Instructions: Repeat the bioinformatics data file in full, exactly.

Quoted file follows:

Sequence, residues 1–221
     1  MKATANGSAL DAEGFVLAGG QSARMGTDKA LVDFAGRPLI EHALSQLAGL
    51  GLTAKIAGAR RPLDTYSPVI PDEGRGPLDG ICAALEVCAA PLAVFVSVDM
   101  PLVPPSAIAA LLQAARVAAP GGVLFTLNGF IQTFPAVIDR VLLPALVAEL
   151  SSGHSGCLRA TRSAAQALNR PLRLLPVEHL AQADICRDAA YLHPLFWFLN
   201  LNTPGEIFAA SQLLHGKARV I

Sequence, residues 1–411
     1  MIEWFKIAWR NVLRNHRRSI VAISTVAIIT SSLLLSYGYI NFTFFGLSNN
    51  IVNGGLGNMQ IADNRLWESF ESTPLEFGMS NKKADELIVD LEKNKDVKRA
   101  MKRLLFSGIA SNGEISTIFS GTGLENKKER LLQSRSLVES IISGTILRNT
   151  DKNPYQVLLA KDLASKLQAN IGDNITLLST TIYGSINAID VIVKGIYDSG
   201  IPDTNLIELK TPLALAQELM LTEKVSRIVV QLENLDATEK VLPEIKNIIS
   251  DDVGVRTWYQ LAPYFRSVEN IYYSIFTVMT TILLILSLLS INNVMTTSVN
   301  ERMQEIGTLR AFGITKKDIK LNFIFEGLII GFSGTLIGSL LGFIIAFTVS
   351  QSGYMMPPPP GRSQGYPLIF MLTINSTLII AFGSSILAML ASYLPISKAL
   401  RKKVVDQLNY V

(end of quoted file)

Sequence, residues 1–221
     1  MKATANGSAL DAEGFVLAGG QSARMGTDKA LVDFAGRPLI EHALSQLAGL
    51  GLTAKIAGAR RPLDTYSPVI PDEGRGPLDG ICAALEVCAA PLAVFVSVDM
   101  PLVPPSAIAA LLQAARVAAP GGVLFTLNGF IQTFPAVIDR VLLPALVAEL
   151  SSGHSGCLRA TRSAAQALNR PLRLLPVEHL AQADICRDAA YLHPLFWFLN
   201  LNTPGEIFAA SQLLHGKARV I

Sequence, residues 1–411
     1  MIEWFKIAWR NVLRNHRRSI VAISTVAIIT SSLLLSYGYI NFTFFGLSNN
    51  IVNGGLGNMQ IADNRLWESF ESTPLEFGMS NKKADELIVD LEKNKDVKRA
   101  MKRLLFSGIA SNGEISTIFS GTGLENKKER LLQSRSLVES IISGTILRNT
   151  DKNPYQVLLA KDLASKLQAN IGDNITLLST TIYGSINAID VIVKGIYDSG
   201  IPDTNLIELK TPLALAQELM LTEKVSRIVV QLENLDATEK VLPEIKNIIS
   251  DDVGVRTWYQ LAPYFRSVEN IYYSIFTVMT TILLILSLLS INNVMTTSVN
   301  ERMQEIGTLR AFGITKKDIK LNFIFEGLII GFSGTLIGSL LGFIIAFTVS
   351  QSGYMMPPPP GRSQGYPLIF MLTINSTLII AFGSSILAML ASYLPISKAL
   401  RKKVVDQLNY V